East Sussex County Council Trading Standards Food and Feed Service Plan 2018/19
Date: 11 October 2018 V.1
This document outlines the considerations taken into account in the formulation of the Food and Feed Service Plan for East Sussex County Council Trading Standards.
1. Background to East Sussex
East Sussex has a population of just over half a million and covers an area of 1,725 square km (666 square miles), 64% falling within two Areas of Outstanding Natural Beauty. The county comprises of the Boroughs of Eastbourne and Hastings, and the Districts of Lewes, Rother and Wealden.
The population of East Sussex was estimated to be 552,300 in mid-2017, 7% more people than in 2007. Internal migration from within the UK is the main driver for the rising population in the county – natural change (births minus deaths) continued to be negative in 2017. East Sussex has a much older population profile than the country as a whole.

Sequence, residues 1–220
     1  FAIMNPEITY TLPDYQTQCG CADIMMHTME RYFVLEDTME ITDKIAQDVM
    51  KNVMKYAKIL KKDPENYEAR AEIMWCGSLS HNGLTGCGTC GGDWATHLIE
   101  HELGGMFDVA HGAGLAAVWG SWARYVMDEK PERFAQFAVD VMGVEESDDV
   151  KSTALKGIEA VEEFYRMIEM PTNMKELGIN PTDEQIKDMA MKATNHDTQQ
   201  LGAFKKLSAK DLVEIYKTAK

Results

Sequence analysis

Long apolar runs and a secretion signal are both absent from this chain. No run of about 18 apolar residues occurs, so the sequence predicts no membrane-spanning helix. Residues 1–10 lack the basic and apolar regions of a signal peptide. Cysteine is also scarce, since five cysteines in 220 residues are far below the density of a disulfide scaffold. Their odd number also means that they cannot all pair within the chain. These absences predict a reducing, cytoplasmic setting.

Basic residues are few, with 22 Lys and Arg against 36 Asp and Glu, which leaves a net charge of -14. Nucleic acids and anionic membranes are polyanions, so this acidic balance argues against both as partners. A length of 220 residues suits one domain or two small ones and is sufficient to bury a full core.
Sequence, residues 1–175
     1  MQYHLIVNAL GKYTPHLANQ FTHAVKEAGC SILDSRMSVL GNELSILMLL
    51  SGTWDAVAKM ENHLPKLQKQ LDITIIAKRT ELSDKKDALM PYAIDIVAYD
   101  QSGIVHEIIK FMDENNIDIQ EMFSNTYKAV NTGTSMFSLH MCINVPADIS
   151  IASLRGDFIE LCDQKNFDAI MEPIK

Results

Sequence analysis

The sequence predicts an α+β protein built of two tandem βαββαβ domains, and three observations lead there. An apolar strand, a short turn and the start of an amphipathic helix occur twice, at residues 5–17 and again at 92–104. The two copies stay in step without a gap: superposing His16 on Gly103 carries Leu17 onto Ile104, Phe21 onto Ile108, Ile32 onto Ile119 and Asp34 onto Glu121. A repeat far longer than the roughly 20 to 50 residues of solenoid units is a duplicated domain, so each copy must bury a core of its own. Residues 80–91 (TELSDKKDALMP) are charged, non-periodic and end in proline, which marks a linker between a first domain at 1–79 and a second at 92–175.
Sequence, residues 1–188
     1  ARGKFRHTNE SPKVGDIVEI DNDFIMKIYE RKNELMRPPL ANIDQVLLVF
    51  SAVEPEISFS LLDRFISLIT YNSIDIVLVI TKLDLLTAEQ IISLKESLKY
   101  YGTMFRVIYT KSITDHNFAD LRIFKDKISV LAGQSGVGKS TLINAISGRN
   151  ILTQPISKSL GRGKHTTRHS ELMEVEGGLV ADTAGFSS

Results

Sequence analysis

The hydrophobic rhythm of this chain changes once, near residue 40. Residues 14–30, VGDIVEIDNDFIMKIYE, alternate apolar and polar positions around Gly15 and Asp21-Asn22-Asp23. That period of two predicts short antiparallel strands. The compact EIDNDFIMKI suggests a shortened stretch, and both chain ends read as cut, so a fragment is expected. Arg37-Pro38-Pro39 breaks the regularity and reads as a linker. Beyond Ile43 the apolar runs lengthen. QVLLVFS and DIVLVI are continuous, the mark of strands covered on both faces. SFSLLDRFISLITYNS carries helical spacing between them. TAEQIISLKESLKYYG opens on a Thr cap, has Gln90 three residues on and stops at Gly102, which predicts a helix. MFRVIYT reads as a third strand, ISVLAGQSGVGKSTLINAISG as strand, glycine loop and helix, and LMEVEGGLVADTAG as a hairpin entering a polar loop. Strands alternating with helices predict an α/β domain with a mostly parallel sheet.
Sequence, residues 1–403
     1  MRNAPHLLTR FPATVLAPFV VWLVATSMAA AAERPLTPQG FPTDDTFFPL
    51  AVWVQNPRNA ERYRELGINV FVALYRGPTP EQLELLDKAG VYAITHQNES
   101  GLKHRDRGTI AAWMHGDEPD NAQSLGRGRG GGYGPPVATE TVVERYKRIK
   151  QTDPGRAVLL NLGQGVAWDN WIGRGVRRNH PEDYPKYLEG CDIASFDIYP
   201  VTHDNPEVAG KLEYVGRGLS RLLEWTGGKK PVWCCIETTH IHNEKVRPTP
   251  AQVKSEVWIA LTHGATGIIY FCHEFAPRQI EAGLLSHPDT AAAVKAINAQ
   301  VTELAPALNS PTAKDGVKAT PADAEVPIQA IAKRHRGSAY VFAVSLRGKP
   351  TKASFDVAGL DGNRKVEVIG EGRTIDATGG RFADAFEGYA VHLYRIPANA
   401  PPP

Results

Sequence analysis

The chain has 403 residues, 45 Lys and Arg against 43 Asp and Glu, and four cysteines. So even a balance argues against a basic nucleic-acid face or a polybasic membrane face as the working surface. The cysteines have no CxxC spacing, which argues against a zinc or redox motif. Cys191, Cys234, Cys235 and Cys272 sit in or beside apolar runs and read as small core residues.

East Sussex has an older age profile compared to England and the South East. A quarter of the county’s population is aged 65 or over, compared to 18% in England and 19% regionally and the median age in the county is 46.5, compared to the national average of 38.8. Only 17% of the county is under 16, compared to 19% nationally and in the South East. Overall the East Sussex population has grown by 7% since 2007. While the population aged 65 and over has increased by 24%, the population of children aged 0-15 has grown by just 3%. The working age population has risen by 4%.